What makes a kite stable then?
Well, drag. drag gives stability, and this comes from 2 things;- – Correct Tail and Good Design.
Stability in a kite is no different to stability in a bird or an aeroplane. We’ve all seen the movie scenes where the tail gets blown off the aeroplane and it spins and spins until it crashes. This is because it’s lost it’s ‘drag’.
Most kites get their drag from Tails because it’s pretty foolproof and they look pretty nice. The Diamond Tricolour kite is a really stable flyer because it’s got the right amount of drag from having the right amount of tail. It’s important to have the right amount…
- Not enough tail = not enough Drag = spins around and crashes.
- Too much tail = too much weight = needs lots more wind to fly.
Wind Range – Will the kite your children like fly in a wide wind range?
Different kites and different kite types need different winds to fly. Delta kites for example are very efficient and will fly in light winds. Box kites on the other hand need a fairly fresh breeze to stay aloft. This doesn’t make Box kites bad kites, they’re just designed for stronger winds and are really stable in those stronger winds.
Where do you live?
So…. if you live in Mt. Isa or Broken Hill, get a kite that suits the light winds you mostly get
Stay away from Parafoils and Box Kites because they need lots of wind to keep them up. They are excellent in stronger winds, but don’t get them for light or medium winds.
If you live in Fremantle however and you know the famous ‘Fremantle Doctor’ will blow through most afternoons, get a kite that can handle stronger winds.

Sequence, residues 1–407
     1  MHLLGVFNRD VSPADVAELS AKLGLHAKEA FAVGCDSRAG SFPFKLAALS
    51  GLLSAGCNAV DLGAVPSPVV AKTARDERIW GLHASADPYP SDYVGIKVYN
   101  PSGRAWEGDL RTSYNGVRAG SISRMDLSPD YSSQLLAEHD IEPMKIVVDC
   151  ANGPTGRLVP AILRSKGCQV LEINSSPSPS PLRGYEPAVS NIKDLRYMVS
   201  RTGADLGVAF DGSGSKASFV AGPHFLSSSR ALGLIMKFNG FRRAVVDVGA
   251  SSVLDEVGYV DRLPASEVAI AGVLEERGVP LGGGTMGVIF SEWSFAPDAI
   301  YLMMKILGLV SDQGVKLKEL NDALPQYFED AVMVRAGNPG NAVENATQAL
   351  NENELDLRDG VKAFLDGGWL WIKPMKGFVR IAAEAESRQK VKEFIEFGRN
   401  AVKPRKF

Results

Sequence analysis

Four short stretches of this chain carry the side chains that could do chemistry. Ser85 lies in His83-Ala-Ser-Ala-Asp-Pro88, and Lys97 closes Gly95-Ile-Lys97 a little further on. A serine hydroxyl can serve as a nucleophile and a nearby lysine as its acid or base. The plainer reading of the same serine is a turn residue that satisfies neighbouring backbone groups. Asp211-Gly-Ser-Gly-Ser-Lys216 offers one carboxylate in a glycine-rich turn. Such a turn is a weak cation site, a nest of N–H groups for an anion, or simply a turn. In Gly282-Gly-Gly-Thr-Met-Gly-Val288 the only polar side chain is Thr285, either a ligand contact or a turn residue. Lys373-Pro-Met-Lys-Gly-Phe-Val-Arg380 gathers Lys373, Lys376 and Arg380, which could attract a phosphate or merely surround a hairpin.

Big deltas like the Cell & Patchwork are great because they are so well designed (and beautifully made!) The Cell has a Box kite built into the middle of it that gives it great stability but also has big wings for great lift. the Patchwork has the same sort of big wings for great lift but nifty ‘flaps’ on it’s trailing edge that act like tails without being tails!
So, they are the goods ones, but what should I avoid?
Stay away from small cheapie Deltas and Diamonds with short tails…their tails are way too short to give them stability and they will spin around and crash in Medium winds.
Ok, by now you’ve probably got the message that there is no one best kite. it’s more of ‘kites you should stay away from’ because they lack lift or stability. (The cheap ones are cheap for a reason!)
So…what’s the best kite for kids to fly?
- Get your children the kite they will like looking at but….
- first check that it’s got 2 main things:-
- Wide wind range to suit where you live
- Good tail length or great design to give Stability
then, if you’re happy with the quality of materials and quality of workmanship, (you can get a good idea of these from the warranty the kite shop is offering you) then you should be good to go…
One last question – what’s your favourite best kite for kids?
Easy question, I’ll pick a Jellyfish every time!
- super easy to fly
- looks great in the sky
- Australian made
- wide, wide wind range
- no assembly needed
- kids love to watch it wiggle and dance!
- really stable in the sky
- beautiful colours
- simple design
I hope this has answered your question about which kite to buy for your children?
If you’ve got any followup questions, just let me know and I’ll do my best to make up an answer for you 🙂